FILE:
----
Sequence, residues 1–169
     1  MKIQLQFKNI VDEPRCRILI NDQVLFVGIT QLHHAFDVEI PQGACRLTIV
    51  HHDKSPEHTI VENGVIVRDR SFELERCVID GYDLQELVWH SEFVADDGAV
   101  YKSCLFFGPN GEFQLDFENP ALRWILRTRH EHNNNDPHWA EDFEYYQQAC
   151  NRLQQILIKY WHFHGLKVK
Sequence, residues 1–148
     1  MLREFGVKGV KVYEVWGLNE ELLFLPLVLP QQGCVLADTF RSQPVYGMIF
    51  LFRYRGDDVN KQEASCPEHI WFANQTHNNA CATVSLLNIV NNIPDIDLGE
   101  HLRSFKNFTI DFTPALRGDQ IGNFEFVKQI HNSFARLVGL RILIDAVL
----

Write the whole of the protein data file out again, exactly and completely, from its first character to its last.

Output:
Sequence, residues 1–169
     1  MKIQLQFKNI VDEPRCRILI NDQVLFVGIT QLHHAFDVEI PQGACRLTIV
    51  HHDKSPEHTI VENGVIVRDR SFELERCVID GYDLQELVWH SEFVADDGAV
   101  YKSCLFFGPN GEFQLDFENP ALRWILRTRH EHNNNDPHWA EDFEYYQQAC
   151  NRLQQILIKY WHFHGLKVK
Sequence, residues 1–148
     1  MLREFGVKGV KVYEVWGLNE ELLFLPLVLP QQGCVLADTF RSQPVYGMIF
    51  LFRYRGDDVN KQEASCPEHI WFANQTHNNA CATVSLLNIV NNIPDIDLGE
   101  HLRSFKNFTI DFTPALRGDQ IGNFEFVKQI HNSFARLVGL RILIDAVL